The Texas Legislature is pushing for insurance to pay for biomarker testing

When Rebecca Munoz was diagnosed at age 29 with breast cancer in 2017, it was a confusing time. She discovered her lump by accident. She knew nothing about breast cancer treatment and biomarker testing or anything that could improve her outcome.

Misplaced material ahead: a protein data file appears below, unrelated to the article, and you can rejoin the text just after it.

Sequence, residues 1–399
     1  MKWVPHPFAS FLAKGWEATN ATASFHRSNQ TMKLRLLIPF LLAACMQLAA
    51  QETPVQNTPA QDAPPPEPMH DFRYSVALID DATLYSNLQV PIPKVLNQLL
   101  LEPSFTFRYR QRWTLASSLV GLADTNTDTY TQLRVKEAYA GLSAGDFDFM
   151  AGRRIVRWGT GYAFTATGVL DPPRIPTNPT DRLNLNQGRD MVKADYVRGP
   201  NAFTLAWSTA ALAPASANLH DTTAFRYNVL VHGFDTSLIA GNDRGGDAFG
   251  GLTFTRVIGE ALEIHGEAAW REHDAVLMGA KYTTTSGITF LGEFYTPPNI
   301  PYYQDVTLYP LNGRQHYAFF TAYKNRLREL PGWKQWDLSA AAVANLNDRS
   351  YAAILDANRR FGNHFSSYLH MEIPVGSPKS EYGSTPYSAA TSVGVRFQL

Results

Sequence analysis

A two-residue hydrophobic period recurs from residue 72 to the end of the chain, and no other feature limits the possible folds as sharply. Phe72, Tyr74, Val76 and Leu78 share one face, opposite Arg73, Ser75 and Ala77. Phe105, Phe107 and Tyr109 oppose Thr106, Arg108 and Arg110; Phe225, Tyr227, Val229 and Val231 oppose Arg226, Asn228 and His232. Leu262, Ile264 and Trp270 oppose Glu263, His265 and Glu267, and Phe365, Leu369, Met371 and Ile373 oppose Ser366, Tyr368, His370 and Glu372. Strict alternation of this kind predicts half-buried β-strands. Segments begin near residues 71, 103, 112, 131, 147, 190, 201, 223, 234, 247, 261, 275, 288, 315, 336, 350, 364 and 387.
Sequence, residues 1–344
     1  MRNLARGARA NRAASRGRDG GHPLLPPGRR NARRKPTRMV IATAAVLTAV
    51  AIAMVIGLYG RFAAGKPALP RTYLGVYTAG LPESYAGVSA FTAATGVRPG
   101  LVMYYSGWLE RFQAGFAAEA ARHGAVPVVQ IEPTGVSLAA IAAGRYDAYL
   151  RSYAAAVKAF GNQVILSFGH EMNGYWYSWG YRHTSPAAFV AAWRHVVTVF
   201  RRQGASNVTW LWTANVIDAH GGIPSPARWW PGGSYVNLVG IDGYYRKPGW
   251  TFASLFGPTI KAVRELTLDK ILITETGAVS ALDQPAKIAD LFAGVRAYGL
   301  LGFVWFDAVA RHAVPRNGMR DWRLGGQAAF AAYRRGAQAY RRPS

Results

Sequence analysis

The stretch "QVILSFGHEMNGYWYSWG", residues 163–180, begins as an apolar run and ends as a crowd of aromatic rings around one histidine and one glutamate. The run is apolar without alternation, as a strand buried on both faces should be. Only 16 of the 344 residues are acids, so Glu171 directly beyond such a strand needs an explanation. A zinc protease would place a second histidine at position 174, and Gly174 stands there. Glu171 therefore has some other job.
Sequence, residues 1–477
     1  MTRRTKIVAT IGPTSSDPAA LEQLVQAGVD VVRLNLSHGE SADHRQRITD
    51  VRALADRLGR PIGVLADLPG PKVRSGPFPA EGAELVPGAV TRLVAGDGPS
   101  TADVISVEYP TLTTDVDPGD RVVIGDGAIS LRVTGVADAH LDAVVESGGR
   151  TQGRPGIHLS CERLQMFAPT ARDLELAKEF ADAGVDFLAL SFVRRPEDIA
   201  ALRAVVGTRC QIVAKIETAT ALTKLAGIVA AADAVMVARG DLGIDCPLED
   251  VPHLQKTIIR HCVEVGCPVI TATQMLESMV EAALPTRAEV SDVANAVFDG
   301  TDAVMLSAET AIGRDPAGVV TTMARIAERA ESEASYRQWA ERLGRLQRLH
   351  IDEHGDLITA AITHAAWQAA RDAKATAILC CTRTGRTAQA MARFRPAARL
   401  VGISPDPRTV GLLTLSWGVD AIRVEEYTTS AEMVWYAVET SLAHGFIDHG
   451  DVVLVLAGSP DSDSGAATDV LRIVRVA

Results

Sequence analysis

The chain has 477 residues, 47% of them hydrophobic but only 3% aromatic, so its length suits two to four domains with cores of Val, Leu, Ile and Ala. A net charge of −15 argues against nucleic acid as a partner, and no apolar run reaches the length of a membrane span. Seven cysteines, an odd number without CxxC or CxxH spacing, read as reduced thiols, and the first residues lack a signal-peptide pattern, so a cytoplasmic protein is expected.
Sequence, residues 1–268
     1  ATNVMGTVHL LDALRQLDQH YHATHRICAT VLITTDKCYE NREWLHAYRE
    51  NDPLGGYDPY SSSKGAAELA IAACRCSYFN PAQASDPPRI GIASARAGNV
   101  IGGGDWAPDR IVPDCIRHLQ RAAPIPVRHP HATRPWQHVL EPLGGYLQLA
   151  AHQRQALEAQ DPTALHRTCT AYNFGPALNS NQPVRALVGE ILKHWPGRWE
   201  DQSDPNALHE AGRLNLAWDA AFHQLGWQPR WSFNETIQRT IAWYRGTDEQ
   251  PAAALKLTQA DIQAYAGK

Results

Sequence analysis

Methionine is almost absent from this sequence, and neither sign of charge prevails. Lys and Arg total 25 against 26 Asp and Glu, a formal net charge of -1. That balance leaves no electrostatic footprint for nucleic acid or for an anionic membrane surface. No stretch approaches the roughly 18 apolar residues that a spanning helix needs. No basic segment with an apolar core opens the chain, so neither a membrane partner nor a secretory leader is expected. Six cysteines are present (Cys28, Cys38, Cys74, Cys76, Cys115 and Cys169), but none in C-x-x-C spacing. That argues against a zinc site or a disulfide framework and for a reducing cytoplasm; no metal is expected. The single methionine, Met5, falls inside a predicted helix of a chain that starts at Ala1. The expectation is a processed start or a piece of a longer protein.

“It’s almost like a bomb has been dropped on you,” she said. “I thought it was a death sentence.”

She went through six rounds of chemotherapy, a double mastectomy and then immunotherapy before being cancer free.

Munoz was lucky. The biopsy from her tumor was sent for biomarker testing, which looks at the genes, proteins and other characteristics of that tumor to allow doctors to make more individualized and effective treatment decisions.

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